What are foods that help with diarrhea?

By ​​Benjamin Renelus, MD, Gastroenterologist Jan 08, 2024 • 4 min

Diarrhea is a common digestive problem with a variety of causes, including infections and chronic conditions. Making changes to your diet can often help improve diarrhea symptoms.

The BRAT diet for acute diarrhea

Often caused by an infection, acute diarrhea occurs for a few days before resolving on its own. Healthcare providers often recommend the BRAT diet for these short bouts of diarrhea. 

BRAT stands for bananas, rice, applesauce and toast, four foods that are gentle on the stomach and provide small amounts of fiber to support more solid stools. In addition to these foods, the BRAT diet also includes:

  • Clear broth soups
  • Water
  • Herbal and other caffeine-free teas
  • Cranberry, apple and grape juices
  • Canned peaches and pears
  • Sweet potatoes
  • Crackers
  • Cream of wheat cereal
  • Eggs
  • Gelatin
  • Oatmeal
  • Creamy peanut butter

Bland diet for persistent and chronic diarrhea

If diarrhea lasts for two to four weeks, it’s considered persistent diarrhea, while chronic diarrhea occurs for longer than four weeks and may come and go. If you’re experiencing persistent or chronic diarrhea, your healthcare provider may recommend the bland diet.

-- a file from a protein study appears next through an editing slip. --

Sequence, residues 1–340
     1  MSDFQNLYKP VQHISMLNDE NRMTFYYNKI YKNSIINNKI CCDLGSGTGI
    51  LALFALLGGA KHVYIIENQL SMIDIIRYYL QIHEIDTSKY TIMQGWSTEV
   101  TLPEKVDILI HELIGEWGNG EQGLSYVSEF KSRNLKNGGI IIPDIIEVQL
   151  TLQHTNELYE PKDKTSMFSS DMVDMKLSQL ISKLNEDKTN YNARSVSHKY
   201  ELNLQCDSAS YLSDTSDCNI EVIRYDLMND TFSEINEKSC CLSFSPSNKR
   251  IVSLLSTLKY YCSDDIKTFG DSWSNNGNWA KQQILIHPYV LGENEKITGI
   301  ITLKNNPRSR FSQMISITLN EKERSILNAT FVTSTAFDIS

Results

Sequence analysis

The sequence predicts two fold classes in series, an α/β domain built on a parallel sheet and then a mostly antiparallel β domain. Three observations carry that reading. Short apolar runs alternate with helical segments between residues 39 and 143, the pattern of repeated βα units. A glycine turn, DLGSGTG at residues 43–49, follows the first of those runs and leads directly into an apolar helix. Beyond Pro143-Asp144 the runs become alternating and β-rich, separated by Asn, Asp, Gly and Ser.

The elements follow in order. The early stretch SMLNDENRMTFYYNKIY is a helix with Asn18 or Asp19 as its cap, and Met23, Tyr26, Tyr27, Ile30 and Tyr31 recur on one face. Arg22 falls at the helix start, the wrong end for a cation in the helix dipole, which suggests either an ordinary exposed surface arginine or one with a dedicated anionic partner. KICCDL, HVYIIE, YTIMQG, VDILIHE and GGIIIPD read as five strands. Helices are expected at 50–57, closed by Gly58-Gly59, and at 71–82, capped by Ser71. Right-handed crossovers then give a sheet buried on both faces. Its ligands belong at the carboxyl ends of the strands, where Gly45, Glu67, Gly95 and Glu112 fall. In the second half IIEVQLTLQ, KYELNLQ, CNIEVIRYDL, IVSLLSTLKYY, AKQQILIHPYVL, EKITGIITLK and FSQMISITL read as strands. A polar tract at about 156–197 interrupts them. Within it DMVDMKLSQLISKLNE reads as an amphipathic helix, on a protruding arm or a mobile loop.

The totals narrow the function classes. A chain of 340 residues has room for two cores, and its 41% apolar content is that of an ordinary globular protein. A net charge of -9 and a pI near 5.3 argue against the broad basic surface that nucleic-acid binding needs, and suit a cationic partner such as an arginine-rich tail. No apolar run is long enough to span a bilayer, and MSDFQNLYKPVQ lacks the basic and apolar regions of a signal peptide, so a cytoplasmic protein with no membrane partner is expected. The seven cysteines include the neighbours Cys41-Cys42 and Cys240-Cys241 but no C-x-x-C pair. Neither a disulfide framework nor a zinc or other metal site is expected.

Like the BRAT diet, the bland diet consists of foods that are easy to digest and have a low fiber content. While following the bland diet, you can eat:

  • Low-fat milk and dairy products in moderation
  • Frozen, canned and cooked vegetables
  • Fruit and vegetable juices
  • Canned or cooked fruit with the skins and seeds removed
  • Pasta, breads and crackers made with white refined flour
  • Creamy cereals like oatmeal and cream of wheat
  • Steamed, grilled and baked poultry, whitefish or shellfish prepared without oil, butter or other fats
  • Creamy peanut butter
  • Puddings and custards
  • Eggs
  • Tofu
  • Broth-based soups
  • Weak tea

Tips for eating while experiencing diarrhea

In addition to choosing the right foods, modifying your eating habits can also help you manage diarrhea. Follow these tips when symptoms arise:

  • Eat slowly and chew your food thoroughly
  • Opt for several smaller daily meals and snacks rather than three large meals
  • Consume fluids at room temperature
  • Drink at least one cup of fluid after each bowel movement
  • Stop eating two hours before you go to bed

Get help choosing the right foods

If you have chronic or persistent diarrhea, your healthcare provider can help you come up with an eating plan to address your symptoms. They may also recommend that you keep a food diary to track what you eat and what symptoms you experience. This can help identify food sensitivities that may be causing diarrhea. Avoiding foods that you’re sensitive to may lower the risk of diarrhea returning in the future. Your provider may also recommend treatments for diarrhea.

Updated January 2024.

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